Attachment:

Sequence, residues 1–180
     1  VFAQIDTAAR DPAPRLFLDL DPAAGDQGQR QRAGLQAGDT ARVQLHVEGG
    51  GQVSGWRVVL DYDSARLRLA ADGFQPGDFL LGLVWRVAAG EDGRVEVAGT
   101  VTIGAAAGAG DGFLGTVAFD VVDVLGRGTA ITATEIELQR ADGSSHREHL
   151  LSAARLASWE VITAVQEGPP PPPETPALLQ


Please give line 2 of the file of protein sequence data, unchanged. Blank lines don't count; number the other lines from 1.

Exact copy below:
     1  VFAQIDTAAR DPAPRLFLDL DPAAGDQGQR QRAGLQAGDT ARVQLHVEGG